The sound of trickling water might seem harmless, even peaceful. But in the polar regions, this sound is a sinister warning of an event that could swallow up the arctic landscape.

What would happen to the climate? Why couldn’t you eat fish anymore? How much carbon is stored in the arctic?

We’ve really done it now. We ignored all the warnings. We ignored science. We thought we had more time. But now, the permafrost in the arctic is melting at an abrupt thaw, which means it’s happening fast.


As it melts, this formerly frozen layer of undecayed plant debris will release a massive amount of carbon into the atmosphere. And now, because of all that carbon, our time is up.

Permafrost covers an area about twice the size of the United States. It’s created when tundra plants, like grasses and mosses, die. Instead of decaying and releasing organic carbon, the plant matter is frozen into a layer of soil, trapping the carbon dioxide and methane that would have been released.

If this important layer in the arctic disintegrates, it would be catastrophic. As permafrost melts, the ice buried beneath the soil also melts. The draining water carries heat, spreading the dangerous thawing.

Tunnels and air pockets are created, and the ground sinks into the newly empty caverns below. Meltwater and rain fill the dents, expanding them into lakes. If hundreds of these happened at the same time, they could merge. This would create one giant mega slump where the Arctic landscape used to be.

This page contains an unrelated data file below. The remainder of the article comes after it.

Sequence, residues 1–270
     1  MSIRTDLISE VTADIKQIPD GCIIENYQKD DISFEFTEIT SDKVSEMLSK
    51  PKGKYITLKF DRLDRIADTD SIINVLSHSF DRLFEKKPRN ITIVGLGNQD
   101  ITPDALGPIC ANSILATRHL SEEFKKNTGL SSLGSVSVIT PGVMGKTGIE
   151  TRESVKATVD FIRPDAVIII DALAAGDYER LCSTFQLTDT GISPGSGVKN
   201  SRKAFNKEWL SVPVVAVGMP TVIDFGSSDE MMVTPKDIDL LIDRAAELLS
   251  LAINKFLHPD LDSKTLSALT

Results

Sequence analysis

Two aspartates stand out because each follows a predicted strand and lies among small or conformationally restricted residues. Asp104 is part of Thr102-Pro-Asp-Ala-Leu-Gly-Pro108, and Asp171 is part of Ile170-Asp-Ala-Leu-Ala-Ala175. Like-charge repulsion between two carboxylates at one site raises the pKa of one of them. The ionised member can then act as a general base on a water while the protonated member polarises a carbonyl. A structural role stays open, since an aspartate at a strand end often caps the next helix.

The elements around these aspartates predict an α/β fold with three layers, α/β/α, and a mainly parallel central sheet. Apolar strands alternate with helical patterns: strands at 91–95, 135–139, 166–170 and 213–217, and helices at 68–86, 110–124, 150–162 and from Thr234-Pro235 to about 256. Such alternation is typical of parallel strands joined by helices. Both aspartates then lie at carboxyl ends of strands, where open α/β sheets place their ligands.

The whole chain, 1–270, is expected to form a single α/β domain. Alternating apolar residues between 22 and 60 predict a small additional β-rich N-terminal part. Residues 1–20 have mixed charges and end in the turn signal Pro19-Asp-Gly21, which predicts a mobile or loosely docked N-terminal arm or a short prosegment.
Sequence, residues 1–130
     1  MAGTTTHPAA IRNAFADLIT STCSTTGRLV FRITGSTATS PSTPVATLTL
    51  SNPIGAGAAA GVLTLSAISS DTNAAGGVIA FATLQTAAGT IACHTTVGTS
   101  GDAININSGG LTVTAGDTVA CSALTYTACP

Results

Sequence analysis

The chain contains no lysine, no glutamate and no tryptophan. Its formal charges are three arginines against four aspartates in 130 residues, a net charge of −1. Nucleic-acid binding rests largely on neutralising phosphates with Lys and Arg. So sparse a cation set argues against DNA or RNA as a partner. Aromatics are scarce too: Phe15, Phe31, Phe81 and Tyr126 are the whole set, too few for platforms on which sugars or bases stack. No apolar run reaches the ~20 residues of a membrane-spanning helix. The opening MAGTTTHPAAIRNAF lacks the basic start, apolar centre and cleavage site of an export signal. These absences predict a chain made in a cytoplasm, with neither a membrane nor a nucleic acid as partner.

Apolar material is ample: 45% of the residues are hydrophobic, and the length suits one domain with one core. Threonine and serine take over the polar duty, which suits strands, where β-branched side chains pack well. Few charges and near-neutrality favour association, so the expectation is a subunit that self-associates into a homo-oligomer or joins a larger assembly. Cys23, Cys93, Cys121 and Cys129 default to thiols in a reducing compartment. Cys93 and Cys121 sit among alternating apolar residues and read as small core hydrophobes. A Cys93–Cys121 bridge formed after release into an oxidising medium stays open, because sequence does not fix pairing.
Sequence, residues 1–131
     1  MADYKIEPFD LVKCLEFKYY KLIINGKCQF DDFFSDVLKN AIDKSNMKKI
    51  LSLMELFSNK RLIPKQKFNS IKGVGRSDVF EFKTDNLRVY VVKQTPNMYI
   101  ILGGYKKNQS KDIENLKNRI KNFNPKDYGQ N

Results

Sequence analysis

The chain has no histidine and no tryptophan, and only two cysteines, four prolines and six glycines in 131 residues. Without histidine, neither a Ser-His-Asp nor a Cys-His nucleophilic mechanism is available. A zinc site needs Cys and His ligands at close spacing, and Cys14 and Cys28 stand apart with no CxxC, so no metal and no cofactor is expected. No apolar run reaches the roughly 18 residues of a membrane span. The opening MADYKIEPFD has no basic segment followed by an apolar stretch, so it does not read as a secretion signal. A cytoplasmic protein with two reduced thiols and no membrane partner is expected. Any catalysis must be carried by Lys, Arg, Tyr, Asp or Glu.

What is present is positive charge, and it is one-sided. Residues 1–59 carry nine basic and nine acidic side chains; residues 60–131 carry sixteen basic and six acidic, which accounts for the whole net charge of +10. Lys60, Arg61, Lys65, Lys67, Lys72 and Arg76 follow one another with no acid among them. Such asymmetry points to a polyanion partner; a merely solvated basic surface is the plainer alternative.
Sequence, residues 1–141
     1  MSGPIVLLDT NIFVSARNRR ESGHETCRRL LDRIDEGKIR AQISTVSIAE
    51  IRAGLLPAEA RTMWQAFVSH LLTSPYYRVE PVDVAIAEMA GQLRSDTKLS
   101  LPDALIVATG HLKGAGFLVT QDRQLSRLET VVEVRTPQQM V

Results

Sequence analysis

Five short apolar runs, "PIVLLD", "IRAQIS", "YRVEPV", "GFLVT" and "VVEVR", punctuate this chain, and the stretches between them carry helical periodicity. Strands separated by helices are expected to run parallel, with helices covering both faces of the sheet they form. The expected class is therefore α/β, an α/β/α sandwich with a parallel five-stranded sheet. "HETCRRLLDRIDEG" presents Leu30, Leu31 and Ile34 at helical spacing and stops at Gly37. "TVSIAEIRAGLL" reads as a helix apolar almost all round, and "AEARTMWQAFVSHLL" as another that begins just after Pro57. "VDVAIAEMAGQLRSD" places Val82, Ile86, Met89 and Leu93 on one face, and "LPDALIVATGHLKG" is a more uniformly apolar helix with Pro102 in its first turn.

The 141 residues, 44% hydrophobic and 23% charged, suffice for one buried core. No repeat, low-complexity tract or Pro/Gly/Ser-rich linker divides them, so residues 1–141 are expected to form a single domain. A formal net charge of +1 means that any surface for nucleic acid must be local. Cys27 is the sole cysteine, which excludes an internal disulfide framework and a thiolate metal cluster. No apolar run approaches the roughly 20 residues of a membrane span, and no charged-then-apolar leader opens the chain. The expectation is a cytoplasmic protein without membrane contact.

The 13.1 million people who live in the arctic would have to flee immediately. Would they even be able to escape the expanding pit?

1,500 billion tons of carbon would be released into the atmosphere. That’s three times the amount stored in the planet’s forests. This is bad enough. But unfortunately, we are now in a positive climate feedback loop. The melting ice only increases the amount of heat the Earth’s surface absorbs, which then melts more ice. And this warms the planet.

Since the industrial revolution, humans have been releasing increasing amounts of carbon into the atmosphere. And the positive feedback loop amplifies that effect.

As the ice melts, the sea levels will rise, wiping out whole coastal cities. And even if you don’t live in the arctic, or on the coast, you’d still have a lot to worry about.
Climate change would come fast and fiercely. Droughts would dry up some places, while others would face an increase in precipitation.

Storms would rip through the cities that are left. And mercury from the melted permafrost would enter the oceans, wetlands, and food systems. You wouldn’t be able to eat fish anymore because it would have such high levels of this dangerous chemical.

And the arctic mega slump would never stop growing. More and more of Earth’s ground would become unstable, forcing people to flee South to higher ground. According to the 2018 Arctic Report Card, the Spanish flu, smallpox, and the plague could still be held in permafrost layers.


With the permafrost melted, these diseases would be released, and would spread rapidly among densely packed cities. Like I said in the beginning, if the permafrost melts, our time is up.

In reality, mega slumps don’t form overnight. But while you might not wake up to one new, giant mega slump, they are happening. The largest slump is Batagay in Siberia. It’s known as the ‘gateway to the underworld’. It measures more than 900 meters wide, and it’s continuing to expand.

And since the arctic’s temperatures have increased twice as fast as the global average, these slumps are more likely to happen. What can we do to stop more mega slumps from forming?

Our best option is to limit the amount of greenhouse gas released into the atmosphere while capturing carbon dioxide. If we fail to do this, then we’d better find a way to refreeze the arctic before it’s too late.


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